Bracero Oral History
Biographical Synopsis of Interviewee
Venustiano Machado was born December 30, 1931, in Sinaloa, México; he had eight siblings, six sisters, all of whom were older, and two brothers; when he was six years old, his father died; shortly thereafter, he began working to help support his family; consequently, he was never formally educated; his mother sold food and various other goods as well; by the time he was fifteen, he was working in the United States; later, during the early 1950s, he enlisted in the bracero program; as a bracero, he labored in the fields of Santa Ana, California, picking asparagus, green beans, strawberries and tomatoes; he immigrated to the United States, where he eventually married and raised a family of four.
Summary of Interview
Mr. Machado talks about his family and the death of his father when he was a boy; by the time he was fifteen, he was working in the United States; during the early 1950s, he put himself on the list of available workers in Sinaloa, México; he describes the necessary requirements and process he underwent; moreover, he explains that he had to pay ten pesos for someone to fill out the papers, because he was illiterate; once he crossed into the United States, he was stripped and medically examined; as a bracero, he labored in the fields of Santa Ana, California, picking asparagus, green beans, strawberries and tomatoes; he goes on to detail camp sizes, housing, accommodations, living conditions, provisions, duties, routines, payments, deductions, remittances, contract lengths and renewals, friendships, correspondence and recreational activities, including trips into town; furthermore, he chronicles having to work seven days a week, thirteen to fourteen hours a day, when picking asparagus and strawberries so they would not spoil; despite the grueling work, he stayed with the same employer for seven years under the program and for an additional three years after obtaining his visa; he eventually married and raised a family of four; upon final reflection, he is proud to have been a bracero, because it changed his life and gave him more opportunities.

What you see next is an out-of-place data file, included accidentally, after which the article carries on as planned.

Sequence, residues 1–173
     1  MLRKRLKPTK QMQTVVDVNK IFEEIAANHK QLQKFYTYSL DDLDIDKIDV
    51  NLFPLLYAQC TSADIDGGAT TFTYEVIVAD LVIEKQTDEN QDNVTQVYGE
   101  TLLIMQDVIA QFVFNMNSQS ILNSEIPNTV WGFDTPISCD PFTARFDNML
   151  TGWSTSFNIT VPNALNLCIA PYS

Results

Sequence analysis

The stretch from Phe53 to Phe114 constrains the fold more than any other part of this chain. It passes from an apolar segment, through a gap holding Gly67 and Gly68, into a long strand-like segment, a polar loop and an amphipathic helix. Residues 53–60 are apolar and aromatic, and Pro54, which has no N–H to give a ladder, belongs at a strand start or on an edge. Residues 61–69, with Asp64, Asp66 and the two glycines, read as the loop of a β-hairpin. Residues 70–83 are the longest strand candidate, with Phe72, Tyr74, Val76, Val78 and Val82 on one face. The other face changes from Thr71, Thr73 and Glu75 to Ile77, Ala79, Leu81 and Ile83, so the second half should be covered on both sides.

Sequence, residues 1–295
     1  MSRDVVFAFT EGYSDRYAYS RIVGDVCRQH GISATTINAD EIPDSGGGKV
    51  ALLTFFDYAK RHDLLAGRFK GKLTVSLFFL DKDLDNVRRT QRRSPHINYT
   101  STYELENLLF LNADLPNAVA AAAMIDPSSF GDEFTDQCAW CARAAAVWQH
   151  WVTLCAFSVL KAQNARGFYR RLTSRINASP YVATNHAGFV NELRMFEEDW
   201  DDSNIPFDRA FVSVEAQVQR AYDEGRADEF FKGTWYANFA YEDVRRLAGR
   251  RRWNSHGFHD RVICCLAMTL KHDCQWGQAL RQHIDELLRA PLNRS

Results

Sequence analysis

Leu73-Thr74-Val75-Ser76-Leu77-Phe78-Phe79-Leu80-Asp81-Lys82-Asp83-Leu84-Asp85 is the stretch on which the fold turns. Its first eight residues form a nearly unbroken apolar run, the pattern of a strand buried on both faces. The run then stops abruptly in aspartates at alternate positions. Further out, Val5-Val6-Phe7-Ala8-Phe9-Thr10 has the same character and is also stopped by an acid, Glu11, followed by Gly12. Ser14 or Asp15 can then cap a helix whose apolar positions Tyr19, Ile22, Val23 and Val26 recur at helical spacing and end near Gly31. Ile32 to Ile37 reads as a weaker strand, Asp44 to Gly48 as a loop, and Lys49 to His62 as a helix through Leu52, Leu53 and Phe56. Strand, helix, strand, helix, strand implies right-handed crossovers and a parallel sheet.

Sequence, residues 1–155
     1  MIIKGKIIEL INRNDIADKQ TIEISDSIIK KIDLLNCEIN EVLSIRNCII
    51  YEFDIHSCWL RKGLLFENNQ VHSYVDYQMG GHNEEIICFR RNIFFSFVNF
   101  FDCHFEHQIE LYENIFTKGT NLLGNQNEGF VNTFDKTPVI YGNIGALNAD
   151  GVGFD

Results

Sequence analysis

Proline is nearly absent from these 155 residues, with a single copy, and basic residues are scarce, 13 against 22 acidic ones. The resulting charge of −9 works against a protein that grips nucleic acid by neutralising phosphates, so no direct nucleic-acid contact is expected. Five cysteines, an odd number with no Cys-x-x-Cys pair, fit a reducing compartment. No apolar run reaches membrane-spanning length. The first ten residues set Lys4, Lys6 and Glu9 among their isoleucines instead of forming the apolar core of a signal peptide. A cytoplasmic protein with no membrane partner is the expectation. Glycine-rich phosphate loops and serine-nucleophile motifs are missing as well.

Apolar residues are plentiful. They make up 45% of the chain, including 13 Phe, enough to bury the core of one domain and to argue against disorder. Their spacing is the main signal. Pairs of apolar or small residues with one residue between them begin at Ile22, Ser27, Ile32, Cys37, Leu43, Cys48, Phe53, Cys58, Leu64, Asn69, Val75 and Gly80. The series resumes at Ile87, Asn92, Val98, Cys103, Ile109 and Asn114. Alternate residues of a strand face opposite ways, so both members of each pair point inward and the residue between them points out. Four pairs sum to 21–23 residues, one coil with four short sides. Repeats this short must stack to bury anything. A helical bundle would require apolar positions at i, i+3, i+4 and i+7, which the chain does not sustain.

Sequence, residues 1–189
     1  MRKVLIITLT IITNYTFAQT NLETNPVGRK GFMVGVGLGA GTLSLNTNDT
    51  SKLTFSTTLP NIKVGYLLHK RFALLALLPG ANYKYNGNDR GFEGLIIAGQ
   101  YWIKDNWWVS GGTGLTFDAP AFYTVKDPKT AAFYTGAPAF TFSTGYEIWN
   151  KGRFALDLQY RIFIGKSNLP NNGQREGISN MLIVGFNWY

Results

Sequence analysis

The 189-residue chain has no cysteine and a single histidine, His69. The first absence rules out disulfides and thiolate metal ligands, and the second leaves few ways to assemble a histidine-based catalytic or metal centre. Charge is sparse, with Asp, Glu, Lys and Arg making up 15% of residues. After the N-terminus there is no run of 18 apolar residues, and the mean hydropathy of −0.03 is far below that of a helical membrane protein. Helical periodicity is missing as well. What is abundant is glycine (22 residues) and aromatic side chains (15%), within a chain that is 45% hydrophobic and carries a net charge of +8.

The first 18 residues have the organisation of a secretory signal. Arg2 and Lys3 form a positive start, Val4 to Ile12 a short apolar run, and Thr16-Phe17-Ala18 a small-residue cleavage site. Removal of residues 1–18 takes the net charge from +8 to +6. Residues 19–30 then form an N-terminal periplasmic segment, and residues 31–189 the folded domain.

Date of Interview
Length of Interview
Length of Transcript
Interview with Venustiano Machado by Alejandra Valles, 2008, "Interview no. 1353," Institute of Oral History, University of Texas at El Paso.